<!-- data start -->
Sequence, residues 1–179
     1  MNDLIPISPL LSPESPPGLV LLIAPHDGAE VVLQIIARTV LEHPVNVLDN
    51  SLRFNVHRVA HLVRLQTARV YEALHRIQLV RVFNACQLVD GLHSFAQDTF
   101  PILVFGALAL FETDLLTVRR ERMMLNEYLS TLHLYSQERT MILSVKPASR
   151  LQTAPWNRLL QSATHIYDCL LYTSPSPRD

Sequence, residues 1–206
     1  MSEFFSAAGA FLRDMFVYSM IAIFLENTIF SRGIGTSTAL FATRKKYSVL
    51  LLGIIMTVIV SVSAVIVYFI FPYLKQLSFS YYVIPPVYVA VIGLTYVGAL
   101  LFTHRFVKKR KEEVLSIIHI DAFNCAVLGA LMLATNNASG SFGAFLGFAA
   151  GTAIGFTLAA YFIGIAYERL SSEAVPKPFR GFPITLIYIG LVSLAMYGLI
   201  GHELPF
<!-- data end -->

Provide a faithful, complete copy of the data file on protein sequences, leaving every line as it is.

Sequence, residues 1–179
     1  MNDLIPISPL LSPESPPGLV LLIAPHDGAE VVLQIIARTV LEHPVNVLDN
    51  SLRFNVHRVA HLVRLQTARV YEALHRIQLV RVFNACQLVD GLHSFAQDTF
   101  PILVFGALAL FETDLLTVRR ERMMLNEYLS TLHLYSQERT MILSVKPASR
   151  LQTAPWNRLL QSATHIYDCL LYTSPSPRD

Sequence, residues 1–206
     1  MSEFFSAAGA FLRDMFVYSM IAIFLENTIF SRGIGTSTAL FATRKKYSVL
    51  LLGIIMTVIV SVSAVIVYFI FPYLKQLSFS YYVIPPVYVA VIGLTYVGAL
   101  LFTHRFVKKR KEEVLSIIHI DAFNCAVLGA LMLATNNASG SFGAFLGFAA
   151  GTAIGFTLAA YFIGIAYERL SSEAVPKPFR GFPITLIYIG LVSLAMYGLI
   201  GHELPF